Doubt isn’t something to be afraid of. It doesn’t mean you have lost your salvation or weren’t saved to begin with. It means that whether you realize it or not, you care too much about your faith to simply take what it says at face value.
If you need proof, just look at the Bible itself:
Abraham and Sarah doubted that God would actually make good on His promise to bring them an heir.
Thomas doubted that Jesus had actually risen from the dead.
John the Baptist doubted that Jesus was the promised Messiah.
Peter looked down while walking on water, got scared, and started to sink.
Gideon doubted that God could really use him to end the oppression of Israel.
Job questioned why God would allow him to suffer.
That’s by no means an exhaustive list, and this issue isn’t even limited to just the Bible. Martin Luther faced a dark period of doubt that lead to bouts with depression. Charles Spurgeon is quoted as saying that even the strongest Christians question what they believe. John Calvin even said doubt is not only normal, but should be expected: “Surely, while we teach that faith ought to be certain and assured, we cannot imagine any certainty that is not tinged with doubt, or any assurance that is not assailed by some anxiety.”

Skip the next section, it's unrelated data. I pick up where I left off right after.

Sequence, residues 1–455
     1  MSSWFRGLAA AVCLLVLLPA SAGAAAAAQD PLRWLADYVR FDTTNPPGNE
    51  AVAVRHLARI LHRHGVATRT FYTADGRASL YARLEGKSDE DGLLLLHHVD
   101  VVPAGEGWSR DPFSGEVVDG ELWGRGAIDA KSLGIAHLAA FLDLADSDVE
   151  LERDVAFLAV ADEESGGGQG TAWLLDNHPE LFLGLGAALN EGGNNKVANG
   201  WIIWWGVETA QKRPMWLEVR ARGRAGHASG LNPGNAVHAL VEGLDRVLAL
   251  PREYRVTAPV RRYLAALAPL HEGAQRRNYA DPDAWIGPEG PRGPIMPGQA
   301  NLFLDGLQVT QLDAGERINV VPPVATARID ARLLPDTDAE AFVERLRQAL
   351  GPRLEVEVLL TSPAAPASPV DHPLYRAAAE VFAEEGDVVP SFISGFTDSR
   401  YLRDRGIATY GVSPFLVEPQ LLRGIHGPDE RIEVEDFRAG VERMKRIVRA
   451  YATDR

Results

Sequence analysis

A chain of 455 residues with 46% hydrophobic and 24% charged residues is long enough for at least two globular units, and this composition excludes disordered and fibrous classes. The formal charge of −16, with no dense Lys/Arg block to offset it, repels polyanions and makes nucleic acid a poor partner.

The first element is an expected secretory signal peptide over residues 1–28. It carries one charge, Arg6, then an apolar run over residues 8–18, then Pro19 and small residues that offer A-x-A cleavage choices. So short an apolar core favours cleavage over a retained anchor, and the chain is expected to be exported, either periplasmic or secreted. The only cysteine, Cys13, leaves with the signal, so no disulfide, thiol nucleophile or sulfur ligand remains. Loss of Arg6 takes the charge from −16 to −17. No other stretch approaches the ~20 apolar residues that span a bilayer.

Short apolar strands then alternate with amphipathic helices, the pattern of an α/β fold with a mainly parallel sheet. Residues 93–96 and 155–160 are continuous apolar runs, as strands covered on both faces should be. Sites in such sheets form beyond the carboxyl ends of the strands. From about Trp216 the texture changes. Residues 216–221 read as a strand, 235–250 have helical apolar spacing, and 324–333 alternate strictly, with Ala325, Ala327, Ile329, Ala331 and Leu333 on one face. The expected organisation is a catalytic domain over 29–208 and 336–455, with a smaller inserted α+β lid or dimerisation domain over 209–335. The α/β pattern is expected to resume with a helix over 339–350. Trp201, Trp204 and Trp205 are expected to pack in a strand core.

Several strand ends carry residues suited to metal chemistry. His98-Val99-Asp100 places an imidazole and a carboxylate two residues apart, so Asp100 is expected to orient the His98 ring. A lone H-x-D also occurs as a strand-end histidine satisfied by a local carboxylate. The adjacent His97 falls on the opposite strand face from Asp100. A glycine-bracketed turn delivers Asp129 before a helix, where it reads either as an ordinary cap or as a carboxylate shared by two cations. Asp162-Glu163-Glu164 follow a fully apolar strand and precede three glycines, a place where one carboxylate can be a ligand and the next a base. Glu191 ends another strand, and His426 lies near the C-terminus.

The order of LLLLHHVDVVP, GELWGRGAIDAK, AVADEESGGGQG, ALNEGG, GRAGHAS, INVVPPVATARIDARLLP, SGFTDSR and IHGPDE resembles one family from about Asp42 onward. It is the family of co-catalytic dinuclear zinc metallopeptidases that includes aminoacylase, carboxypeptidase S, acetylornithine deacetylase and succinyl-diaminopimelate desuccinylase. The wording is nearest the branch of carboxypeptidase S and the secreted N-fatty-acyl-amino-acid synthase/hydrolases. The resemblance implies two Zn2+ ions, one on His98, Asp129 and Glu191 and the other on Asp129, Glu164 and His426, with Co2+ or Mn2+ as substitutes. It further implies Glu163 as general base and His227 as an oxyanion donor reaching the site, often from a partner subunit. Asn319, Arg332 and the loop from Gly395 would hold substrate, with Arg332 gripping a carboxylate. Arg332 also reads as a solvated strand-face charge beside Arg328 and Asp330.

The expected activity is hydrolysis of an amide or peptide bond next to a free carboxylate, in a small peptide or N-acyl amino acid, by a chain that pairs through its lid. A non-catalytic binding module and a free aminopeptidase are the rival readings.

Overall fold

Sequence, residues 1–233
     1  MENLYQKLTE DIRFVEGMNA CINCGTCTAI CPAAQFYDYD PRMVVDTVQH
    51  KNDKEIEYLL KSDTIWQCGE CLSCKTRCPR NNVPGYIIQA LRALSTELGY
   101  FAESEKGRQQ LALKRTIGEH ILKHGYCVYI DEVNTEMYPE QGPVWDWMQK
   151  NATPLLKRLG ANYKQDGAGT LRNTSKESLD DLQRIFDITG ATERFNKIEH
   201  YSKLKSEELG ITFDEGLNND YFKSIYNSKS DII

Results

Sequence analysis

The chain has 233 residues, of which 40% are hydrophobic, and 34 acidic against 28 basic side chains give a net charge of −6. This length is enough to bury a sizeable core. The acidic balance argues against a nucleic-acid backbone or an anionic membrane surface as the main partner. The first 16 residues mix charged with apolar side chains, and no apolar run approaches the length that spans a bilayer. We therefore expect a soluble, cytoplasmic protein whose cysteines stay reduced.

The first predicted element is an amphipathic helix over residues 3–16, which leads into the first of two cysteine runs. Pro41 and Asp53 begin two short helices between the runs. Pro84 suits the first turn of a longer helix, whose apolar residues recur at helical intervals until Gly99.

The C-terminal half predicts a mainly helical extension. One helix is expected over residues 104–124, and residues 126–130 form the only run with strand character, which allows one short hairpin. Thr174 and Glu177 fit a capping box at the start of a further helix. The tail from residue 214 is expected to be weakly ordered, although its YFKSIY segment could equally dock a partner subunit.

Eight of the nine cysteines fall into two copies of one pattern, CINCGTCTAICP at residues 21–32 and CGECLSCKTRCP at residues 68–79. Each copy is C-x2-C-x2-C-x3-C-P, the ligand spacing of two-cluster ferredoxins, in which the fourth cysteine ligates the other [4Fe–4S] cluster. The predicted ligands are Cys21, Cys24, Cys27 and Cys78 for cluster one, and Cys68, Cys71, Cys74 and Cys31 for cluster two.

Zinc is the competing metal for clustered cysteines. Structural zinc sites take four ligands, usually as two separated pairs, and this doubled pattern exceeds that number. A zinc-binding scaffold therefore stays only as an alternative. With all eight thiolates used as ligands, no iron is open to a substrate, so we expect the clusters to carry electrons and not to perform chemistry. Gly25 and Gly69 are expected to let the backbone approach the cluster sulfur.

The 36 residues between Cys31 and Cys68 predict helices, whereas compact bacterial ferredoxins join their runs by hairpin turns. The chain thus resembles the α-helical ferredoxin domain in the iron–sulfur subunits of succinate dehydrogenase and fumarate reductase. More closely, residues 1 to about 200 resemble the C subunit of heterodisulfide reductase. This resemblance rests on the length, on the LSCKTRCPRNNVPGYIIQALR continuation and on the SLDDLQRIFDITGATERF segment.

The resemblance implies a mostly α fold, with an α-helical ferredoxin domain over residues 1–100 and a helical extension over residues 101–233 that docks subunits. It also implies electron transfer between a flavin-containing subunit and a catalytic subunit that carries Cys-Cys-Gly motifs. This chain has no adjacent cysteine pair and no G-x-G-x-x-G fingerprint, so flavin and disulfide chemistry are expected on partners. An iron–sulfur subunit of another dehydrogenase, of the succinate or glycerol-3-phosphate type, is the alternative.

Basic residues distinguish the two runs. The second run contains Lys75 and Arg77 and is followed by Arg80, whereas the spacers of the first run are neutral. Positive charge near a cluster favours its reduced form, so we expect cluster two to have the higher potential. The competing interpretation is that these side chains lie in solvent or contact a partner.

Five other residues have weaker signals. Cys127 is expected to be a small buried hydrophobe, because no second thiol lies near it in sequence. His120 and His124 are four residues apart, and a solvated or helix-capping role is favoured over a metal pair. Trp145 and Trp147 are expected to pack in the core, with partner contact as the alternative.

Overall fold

Little Do We Know does not end with Hannah repenting of her doubt and witnessing like crazy to her friends. She doesn’t go confidently into her future after high school with total certainty of her beliefs. But that’s okay, and in fact, it makes for a better, more realistic ending. I of course like to think that as an adult, she’ll be able to reclaim her faith as a Christian and understand what it means to believe on her terms without the pressures of being the only child of a pastor (even though she’s a fictional character and this point is really moot). But within the text itself, I find it as a believer in Christ to be more than an acceptable conclusion. It is normal to ask questions. It is normal to doubt. It shows that a person loves God enough to want to understand Him better, even if it may not feel that way. I’m really thankful to Stone for writing a mainstream book that portrays my faith honestly, without whitewashing it, without goody-two-shoes characters that spout platitudes and wear WWJD t-shirts, without saying it is dangerous to learn to think for one’s self.